One of those seeking to resolve what he calls a “crisis of imagination” is the Dutch historian and journalist Rutger Bregman. His book Utopia for Realists advocates policies including a universal basic income (a guaranteed minimum salary for all citizens), a 15-hour working week and global open borders. Since its publication last year, Bregman’s manifesto has been translated into more than 20 languages, establishing him as one of Europe’s pre-eminent young thinkers.

“I was born in 1988, one year before the fall of the Berlin Wall, and people of my generation were taught that utopian dreams are dangerous,” Bregman recalled when we met for coffee at the London office of his publisher Bloomsbury. A softly-spoken but forceful character, dressed casually in a light blue jacket, jeans and Nike Air trainers, Bregman continued: “It seemed that the age of big ideas was over. Politics had just become technocracy and politicians just managers.”

Bregman’s imagination was fired by anarchist thinkers such as the Russian philosopher Peter Kropotkin. He identifies with the left libertarian tradition, which emphasises individual freedom from both market and state domination. Another formative influence was Russell Jacoby, Bregman’s history professor at the University of California, Los Angeles, whose book The Last Intellectuals (2000) lamented the decline of the polymath in an era of academic specialisation. Utopia for Realists, a rigorously argued and lucidly written work, fuses insights from history, politics, philosophy and economics. Bregman echoes Oscar Wilde’s sentiment: “A map of the world that does not include Utopia is not worth even glancing at.”

Such romanticism partly filled the void left by Bregman’s loss of religious faith at the age of 18 (his father was a Protestant minister in the church opposite the family home in Zoetermeer, western Netherlands). “Maybe utopianism is my form of religion in a world without God,” Bregman mused.

For him, utopia is not a dogma to be ruthlessly imposed but a liberating and inclusive vision. It would be “completely ludicrous”, Bregman remarked, for a Western politician to suddenly propose global open borders. Rather, such ideals should animate progressive reforms: one could call it incremental utopianism.

“History will tell you that borders are not inevitable, they hardly existed at the end of the 19th century,” Bregman observed. “And the data is behind me.” Economists liken the present system to leaving “trillion-dollar bills on the sidewalk” and estimate that allowing migrants to move to any country they choose would increase global GDP by between 67 and 147 per cent.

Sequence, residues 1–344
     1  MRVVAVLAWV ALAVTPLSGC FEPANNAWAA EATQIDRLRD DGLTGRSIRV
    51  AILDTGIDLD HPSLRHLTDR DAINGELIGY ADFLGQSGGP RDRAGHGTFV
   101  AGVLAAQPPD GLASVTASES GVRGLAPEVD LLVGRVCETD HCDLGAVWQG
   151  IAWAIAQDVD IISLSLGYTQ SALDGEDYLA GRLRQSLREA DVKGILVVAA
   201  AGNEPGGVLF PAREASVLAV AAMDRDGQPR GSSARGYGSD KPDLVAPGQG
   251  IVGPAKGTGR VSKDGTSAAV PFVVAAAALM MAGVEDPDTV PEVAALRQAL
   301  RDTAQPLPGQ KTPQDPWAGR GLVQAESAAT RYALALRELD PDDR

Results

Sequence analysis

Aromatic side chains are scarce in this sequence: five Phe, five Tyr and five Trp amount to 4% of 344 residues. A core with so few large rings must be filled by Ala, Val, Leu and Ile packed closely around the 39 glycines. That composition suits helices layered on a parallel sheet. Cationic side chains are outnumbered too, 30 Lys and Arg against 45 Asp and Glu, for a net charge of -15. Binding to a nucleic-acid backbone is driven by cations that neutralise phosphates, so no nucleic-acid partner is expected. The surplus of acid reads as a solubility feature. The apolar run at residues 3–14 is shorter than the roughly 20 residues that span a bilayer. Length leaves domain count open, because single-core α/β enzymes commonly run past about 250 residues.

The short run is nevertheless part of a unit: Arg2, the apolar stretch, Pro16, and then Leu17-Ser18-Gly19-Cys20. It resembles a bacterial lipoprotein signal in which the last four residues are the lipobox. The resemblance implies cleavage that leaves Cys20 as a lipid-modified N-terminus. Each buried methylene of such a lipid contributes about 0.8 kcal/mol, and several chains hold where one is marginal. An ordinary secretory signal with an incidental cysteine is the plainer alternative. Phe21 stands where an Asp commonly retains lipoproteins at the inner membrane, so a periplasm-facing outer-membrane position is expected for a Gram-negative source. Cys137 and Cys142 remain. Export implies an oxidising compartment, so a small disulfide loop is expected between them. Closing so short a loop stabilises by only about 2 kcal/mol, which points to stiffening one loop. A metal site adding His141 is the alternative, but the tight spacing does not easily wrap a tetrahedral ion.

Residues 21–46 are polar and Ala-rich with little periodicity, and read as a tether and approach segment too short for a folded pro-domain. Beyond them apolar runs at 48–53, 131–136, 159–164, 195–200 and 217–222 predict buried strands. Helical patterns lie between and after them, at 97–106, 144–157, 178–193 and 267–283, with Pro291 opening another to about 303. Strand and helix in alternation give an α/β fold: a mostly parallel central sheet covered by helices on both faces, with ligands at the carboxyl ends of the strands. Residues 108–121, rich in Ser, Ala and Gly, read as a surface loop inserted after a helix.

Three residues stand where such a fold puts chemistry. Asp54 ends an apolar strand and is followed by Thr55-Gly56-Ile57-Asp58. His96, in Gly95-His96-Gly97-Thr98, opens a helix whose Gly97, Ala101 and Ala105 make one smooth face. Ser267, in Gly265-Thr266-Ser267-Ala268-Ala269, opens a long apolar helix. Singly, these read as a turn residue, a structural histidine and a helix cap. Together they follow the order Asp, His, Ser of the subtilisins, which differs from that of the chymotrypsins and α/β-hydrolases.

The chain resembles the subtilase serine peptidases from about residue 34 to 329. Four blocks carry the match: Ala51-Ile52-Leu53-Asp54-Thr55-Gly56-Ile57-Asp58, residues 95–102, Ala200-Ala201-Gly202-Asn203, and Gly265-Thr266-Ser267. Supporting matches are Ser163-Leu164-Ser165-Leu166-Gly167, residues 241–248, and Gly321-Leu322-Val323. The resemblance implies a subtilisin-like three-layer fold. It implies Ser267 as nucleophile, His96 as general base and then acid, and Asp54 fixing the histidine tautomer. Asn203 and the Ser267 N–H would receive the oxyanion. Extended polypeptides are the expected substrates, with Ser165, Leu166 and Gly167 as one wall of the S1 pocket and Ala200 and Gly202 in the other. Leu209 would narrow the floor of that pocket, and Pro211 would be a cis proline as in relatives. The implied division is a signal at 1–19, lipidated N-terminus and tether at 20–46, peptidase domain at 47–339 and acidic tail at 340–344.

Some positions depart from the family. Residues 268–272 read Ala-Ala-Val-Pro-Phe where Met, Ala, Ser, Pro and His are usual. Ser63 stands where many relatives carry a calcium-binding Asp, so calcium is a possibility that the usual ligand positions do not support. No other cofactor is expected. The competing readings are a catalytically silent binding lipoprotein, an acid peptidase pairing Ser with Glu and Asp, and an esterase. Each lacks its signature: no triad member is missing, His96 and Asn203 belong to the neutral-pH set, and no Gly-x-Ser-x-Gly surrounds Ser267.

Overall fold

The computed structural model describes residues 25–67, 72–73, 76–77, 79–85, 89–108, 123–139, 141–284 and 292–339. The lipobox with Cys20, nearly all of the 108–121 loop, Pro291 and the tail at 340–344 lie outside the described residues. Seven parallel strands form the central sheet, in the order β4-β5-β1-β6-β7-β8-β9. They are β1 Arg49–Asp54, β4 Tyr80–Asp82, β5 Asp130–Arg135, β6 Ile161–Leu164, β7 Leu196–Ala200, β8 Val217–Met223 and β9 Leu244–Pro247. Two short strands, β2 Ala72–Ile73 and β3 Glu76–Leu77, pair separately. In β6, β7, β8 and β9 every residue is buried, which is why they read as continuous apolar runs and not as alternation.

The thoughtful Conservative MP Nick Boles recently objected to a universal basic income on the grounds that “mankind is hard-wired to work. We gain satisfaction from it. It gives us a sense of identity, purpose and belonging”.

Bregman did not dispute this but argued for a radical redefinition of work. “A YouGov poll in 2015 found that 37 per cent of British workers think their own job is absolutely meaningless,” he noted. Rather than such “bullshit jobs” (to use the anthropologist David Graeber’s phrase), work should be defined as “doing something of value, making this world a little more interesting, richer, beautiful – whether that’s paid or unpaid doesn’t really matter.”

In Utopia for Realists, Bregman decries “underdog socialism”: a left that is defined by what it is against (austerity, privatisation, racism), rather than what it is for. How does he view the ascent of Jeremy Corbyn? “Most of the ideas are sensible but they’re a bit old-fashioned, it felt like stepping into a time machine,” Bregman said of the 2017 Labour manifesto (which majored on renationalisation). Yet he recognised that Corbyn had expanded the limits of the possible. “All this time, people were saying that Labour shouldn’t become too radical or it will lose votes. The election showed that, in fact, Labour wasn’t radical enough.”

“We need a completely different kind of democracy, a society where you don’t think purely in terms of representation,” Bregman explained, citing the Brazilian city Porto Alegre’s pioneering experiments in participatory democracy (citizens’ assemblies, for instance, determine public spending priorities). “I call it the anarchist state. The anarchists want to abolish the state; what I want to do is to make the state think like an anarchist.”

Rutger Bregman has a fundamentally optimistic view of human nature: “People are pretty nice” (his next book will challenge “the long intellectual history in the West that says, deep down, we’re all animals, we’re all beasts”).

He dismissed those who cite the 20th century – the age of Stalinism and fascism – as proof of the ruinous consequences of utopian thought. “People are always yearning for a bigger story to be part of, it’s not enough to live our own private lives. If you don’t give them [people] hope, they’ll go for something else.” 

George Eaton is political editor of the New Statesman.

This article first appeared in the 15 February 2018 issue of the New Statesman, The polite extremist